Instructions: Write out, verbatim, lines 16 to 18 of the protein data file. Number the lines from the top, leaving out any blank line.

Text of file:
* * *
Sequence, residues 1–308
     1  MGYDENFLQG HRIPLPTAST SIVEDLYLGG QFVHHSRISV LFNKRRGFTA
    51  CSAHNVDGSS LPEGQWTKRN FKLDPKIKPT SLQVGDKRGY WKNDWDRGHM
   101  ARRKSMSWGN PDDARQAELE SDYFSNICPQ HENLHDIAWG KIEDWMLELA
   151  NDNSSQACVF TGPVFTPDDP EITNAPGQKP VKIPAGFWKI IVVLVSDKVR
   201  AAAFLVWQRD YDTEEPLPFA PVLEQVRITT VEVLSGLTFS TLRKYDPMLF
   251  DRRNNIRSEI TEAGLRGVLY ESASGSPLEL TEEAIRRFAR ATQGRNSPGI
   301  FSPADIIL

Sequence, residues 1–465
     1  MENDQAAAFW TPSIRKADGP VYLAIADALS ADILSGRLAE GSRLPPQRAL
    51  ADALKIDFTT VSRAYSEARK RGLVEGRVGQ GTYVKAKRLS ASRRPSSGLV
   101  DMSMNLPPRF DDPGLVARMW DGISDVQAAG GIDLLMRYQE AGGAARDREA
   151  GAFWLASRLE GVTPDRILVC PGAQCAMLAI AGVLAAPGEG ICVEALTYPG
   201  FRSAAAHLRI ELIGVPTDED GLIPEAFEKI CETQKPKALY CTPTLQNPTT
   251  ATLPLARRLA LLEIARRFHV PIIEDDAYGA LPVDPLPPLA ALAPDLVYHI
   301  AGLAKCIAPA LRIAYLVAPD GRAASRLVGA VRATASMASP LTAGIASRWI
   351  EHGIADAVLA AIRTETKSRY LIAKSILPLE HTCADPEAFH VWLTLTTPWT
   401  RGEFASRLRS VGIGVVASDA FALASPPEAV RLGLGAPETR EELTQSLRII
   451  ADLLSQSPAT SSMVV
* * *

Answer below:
   301  AGLAKCIAPA LRIAYLVAPD GRAASRLVGA VRATASMASP LTAGIASRWI
   351  EHGIADAVLA AIRTETKSRY LIAKSILPLE HTCADPEAFH VWLTLTTPWT
   401  RGEFASRLRS VGIGVVASDA FALASPPEAV RLGLGAPETR EELTQSLRII